Unjust social orders do no fall merely by appeals to the consciences of the oppressor, though such appeals may be an important element; history teaches us that they fall because a large enough number of people organize a movement powerful enough to push them down. Rarely do such revolutions emerge in a neat and morally pristine process.
The self-congratulatory popular account insists that Dr. King called on the nation to fully accept its own creed, and the walls came a-tumbling down. This conventional narrative is soothing, moving, and politically acceptable, and has only the disadvantage of bearing no resemblance to what actually happened.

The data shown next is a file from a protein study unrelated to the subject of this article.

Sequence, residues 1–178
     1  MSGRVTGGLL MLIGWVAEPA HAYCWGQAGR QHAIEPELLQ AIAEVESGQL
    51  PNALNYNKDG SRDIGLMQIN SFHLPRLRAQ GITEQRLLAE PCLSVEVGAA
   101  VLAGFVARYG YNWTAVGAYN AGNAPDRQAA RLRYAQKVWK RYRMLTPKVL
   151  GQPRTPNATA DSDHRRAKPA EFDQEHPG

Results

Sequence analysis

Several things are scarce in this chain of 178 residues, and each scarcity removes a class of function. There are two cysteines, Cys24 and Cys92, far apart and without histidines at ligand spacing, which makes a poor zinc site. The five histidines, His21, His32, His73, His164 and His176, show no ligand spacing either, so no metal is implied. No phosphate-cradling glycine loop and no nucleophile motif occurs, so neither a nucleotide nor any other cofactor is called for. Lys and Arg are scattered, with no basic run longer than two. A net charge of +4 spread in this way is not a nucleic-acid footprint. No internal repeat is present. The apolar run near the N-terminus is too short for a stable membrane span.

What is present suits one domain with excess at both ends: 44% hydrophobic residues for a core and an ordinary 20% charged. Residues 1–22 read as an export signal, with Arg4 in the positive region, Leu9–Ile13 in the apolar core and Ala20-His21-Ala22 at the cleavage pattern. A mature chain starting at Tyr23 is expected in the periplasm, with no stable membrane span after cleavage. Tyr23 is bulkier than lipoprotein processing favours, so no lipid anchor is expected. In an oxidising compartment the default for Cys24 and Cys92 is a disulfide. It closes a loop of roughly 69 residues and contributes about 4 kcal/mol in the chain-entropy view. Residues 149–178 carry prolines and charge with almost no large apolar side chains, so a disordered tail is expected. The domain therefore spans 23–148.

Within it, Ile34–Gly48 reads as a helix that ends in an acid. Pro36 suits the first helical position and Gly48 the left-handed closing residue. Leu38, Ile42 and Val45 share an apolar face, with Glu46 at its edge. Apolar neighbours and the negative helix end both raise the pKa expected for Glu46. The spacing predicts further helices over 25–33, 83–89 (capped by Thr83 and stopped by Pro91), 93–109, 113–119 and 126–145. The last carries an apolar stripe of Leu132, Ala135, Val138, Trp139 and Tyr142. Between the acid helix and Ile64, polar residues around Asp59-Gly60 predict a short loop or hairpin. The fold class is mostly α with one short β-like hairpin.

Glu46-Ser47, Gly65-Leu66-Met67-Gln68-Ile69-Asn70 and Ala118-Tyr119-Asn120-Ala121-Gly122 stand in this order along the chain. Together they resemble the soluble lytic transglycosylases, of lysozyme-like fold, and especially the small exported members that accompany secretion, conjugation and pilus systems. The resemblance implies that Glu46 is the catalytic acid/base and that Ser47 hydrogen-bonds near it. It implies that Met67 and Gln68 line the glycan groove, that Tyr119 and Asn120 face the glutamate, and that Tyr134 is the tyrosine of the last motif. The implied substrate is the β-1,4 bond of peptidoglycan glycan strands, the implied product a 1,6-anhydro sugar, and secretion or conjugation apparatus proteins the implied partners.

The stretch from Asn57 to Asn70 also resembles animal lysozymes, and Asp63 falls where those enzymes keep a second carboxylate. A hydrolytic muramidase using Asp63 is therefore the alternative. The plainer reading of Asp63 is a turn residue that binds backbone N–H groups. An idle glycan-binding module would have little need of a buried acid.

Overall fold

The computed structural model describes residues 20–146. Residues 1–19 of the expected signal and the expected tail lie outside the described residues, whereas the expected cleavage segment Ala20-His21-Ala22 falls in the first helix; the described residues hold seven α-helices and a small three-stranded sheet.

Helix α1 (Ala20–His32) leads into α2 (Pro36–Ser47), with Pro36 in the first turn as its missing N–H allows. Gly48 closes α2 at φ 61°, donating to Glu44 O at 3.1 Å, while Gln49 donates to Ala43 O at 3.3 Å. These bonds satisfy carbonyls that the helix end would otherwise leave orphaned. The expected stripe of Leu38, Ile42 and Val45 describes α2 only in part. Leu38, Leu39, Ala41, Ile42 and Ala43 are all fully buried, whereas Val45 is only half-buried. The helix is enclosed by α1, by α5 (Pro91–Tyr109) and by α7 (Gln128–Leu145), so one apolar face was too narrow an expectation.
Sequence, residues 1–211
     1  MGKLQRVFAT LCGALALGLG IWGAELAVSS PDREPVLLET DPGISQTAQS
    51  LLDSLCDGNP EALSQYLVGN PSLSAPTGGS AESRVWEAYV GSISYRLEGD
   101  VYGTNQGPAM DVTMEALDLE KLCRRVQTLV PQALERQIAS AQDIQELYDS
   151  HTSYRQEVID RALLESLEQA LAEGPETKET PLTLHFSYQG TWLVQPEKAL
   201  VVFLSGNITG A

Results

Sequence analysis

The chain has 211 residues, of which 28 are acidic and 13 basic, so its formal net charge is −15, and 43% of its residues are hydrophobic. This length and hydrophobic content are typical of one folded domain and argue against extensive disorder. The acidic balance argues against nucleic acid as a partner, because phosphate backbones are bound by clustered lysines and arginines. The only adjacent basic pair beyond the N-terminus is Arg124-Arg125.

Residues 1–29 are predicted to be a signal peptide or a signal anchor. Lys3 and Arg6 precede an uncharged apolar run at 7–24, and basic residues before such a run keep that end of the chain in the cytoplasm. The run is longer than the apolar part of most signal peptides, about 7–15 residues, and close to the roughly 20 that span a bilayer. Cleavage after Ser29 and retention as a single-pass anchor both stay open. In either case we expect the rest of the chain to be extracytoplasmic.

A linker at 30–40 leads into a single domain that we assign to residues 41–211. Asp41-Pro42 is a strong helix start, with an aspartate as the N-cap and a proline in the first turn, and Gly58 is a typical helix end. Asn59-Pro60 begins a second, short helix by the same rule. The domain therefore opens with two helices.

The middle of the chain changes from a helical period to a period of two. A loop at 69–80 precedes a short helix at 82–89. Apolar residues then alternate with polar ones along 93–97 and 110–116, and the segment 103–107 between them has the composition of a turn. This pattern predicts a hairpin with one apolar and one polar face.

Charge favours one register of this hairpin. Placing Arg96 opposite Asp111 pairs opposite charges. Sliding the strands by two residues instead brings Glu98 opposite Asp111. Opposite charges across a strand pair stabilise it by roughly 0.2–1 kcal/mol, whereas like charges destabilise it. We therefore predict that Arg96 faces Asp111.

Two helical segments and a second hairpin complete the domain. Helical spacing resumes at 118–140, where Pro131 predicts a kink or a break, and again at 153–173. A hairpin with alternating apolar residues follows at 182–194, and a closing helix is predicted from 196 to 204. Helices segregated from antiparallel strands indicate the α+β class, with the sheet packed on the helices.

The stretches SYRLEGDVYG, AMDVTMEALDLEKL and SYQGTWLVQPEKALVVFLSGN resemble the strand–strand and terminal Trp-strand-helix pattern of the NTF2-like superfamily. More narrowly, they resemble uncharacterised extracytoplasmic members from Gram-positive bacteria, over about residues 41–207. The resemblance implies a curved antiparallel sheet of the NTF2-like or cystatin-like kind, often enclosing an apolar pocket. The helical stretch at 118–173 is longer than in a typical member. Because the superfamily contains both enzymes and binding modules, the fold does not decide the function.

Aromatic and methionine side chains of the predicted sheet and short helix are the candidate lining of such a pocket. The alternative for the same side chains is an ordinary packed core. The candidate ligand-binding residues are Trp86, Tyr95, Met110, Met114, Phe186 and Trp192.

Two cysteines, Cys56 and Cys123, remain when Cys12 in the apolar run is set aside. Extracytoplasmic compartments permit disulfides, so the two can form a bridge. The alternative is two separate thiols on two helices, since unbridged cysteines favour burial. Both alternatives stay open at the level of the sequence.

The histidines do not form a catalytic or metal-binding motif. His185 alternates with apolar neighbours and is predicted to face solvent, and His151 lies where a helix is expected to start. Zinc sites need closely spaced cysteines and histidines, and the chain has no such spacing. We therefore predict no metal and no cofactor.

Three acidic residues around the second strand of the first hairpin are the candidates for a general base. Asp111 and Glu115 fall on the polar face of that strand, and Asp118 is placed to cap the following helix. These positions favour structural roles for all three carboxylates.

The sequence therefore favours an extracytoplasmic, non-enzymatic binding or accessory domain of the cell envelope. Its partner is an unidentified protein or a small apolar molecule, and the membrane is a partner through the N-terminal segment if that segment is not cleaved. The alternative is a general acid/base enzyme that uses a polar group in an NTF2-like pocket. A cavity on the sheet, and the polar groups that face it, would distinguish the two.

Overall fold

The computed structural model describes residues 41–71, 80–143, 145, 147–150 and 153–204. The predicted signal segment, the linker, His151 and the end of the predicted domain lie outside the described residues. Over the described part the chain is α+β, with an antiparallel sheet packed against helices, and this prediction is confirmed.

In a fallen world marked by human depravity and deep-seated sin, in a world where Hitler and Stalin had recruited millions of followers to commit mass murder, love must harness power and seek justice in order to have moral meaning. Love without power remained impotent, and power without love was bankrupt.
Every minister worthy of the name has to walk the line between prophetic vision and spiritual sustenance, between telling people the comforting things they want to hear and challenging them with the difficult things they need to hear. In Oxford, Daddy began to feel as though all the members wanted him to do was to marry them and bury them and stay away from their souls.